"Superman" writer Phillip Kennedy Johnson and "Iron Man: artist Salvador Larroca are hatching this series, with the first issue going on sale March 24 (opens in new tab).
"The theme boils down to a man at the end of his life deciding what his legacy will be. Marvel's Alien comic series is the story of Gabriel Cruz, a Weyland-Yutani security executive who gave up everything for his long, violent, and morally-questionable career, and is eventually discarded by the company anyway," Johnson tells Space.com's sister site, Newsarama.
"But when something goes horribly wrong at his old duty station, he goes on one more mission to save his estranged son, and we learn about the secrets he's been keeping all these years, and his relationship with Weyland-Yutani's most valuable and most terrifying asset."
Something tells us those "secrets" and something going "horribly wrong" is in fact Xenomorphs.
'Alien' Horror: 9 Terrifying Xenomorphs from the 'Alien' Movies
This is part of a renewed effort for the "Alien" franchise after its acquisition by Marvel's parent company Disney as part of their 20th Century Fox buyout.. The publisher says this new Alien comic book series will showcase new and classic characters from Earth and beyond, making it a perfect jumping-on point for both hardcore fans and newcomers uninitiated into its visceral sci-fi horrors.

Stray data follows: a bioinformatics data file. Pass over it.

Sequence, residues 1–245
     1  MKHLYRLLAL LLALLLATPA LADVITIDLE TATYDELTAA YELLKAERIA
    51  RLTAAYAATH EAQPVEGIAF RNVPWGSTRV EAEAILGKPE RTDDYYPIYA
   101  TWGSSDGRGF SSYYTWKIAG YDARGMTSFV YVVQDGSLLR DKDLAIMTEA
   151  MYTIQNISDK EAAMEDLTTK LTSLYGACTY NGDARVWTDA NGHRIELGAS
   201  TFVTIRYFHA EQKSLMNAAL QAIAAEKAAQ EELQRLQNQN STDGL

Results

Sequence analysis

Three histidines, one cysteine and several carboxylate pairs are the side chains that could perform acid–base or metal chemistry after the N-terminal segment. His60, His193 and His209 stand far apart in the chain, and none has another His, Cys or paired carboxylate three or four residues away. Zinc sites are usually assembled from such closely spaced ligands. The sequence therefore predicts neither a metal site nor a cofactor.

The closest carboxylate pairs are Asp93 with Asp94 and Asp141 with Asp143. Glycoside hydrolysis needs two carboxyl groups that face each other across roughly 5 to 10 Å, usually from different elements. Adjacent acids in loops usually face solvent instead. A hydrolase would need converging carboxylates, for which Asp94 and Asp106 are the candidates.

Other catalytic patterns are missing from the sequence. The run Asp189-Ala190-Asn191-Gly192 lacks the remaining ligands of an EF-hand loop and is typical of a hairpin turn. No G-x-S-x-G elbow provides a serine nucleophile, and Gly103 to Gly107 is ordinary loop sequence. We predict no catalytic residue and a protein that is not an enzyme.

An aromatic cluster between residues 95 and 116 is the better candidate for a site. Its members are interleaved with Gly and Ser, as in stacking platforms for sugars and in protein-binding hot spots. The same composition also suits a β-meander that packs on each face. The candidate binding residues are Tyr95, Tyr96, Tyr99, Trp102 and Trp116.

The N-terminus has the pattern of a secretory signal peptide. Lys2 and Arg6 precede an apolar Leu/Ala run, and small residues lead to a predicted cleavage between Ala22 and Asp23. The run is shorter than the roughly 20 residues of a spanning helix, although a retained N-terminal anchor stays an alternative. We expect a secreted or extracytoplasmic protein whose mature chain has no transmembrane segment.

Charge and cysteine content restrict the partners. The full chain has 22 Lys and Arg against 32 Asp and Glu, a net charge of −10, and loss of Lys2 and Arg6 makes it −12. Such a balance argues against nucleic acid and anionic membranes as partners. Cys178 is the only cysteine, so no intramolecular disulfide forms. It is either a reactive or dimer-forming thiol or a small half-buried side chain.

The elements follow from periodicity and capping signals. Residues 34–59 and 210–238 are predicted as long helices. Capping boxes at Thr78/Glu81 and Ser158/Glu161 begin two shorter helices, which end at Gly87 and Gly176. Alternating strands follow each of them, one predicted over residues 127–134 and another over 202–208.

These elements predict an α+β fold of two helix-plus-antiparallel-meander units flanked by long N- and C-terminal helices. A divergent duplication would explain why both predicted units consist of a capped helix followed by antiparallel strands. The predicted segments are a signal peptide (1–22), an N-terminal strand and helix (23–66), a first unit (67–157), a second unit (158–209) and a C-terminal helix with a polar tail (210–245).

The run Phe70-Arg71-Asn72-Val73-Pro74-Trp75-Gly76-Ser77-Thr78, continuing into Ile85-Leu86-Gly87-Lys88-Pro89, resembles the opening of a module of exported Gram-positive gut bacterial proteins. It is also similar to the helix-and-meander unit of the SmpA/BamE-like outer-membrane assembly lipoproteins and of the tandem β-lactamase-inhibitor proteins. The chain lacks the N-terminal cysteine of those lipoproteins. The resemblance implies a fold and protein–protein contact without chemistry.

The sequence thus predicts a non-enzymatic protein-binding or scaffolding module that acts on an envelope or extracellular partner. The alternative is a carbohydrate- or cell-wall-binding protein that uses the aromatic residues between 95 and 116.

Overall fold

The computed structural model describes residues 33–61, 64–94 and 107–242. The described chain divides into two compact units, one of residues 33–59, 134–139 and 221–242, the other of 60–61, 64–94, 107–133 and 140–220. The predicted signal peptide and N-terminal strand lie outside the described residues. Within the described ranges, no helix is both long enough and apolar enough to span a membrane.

Johnson is balancing writing Marvel's Alien while at the same time taking over as DC's primary Superman writer, on both Action Comics and his self-titled comic book series. Quite a mix of alien dramas, but he explains how his goals are different for each.
"When people ask me about my goals for Superman, I sometimes say that I'm chasing the electric, aspirational feeling I got as a kid watching the opening credits of the 1978 'Superman: The Movie,' trying to capture that feeling for my readers," Johnson says. "But when I write 'Alien,' I'm chasing nightmares."
"I want readers to feel the same awe and wonder that I felt seeing the Derelict and the corpse of the mysterious Space Jockey. I want them to feel the same connection to our characters that I felt with Ripley, Newt, Hicks, and Bishop," the writer continues. "But above all, I want them to feel the same cold-sweat panic and can't-look-away horror that I felt when I saw an alien rip through John Hurt's rib cage for the first time. And with the stories we have planned and Salvador Larroca bringing them to life, I'm confident fans will soon know exactly the feelings I'm talking about."
Watch for Marvel Comics' "Alien #1" (opens in new tab) invading comic shops March 24.
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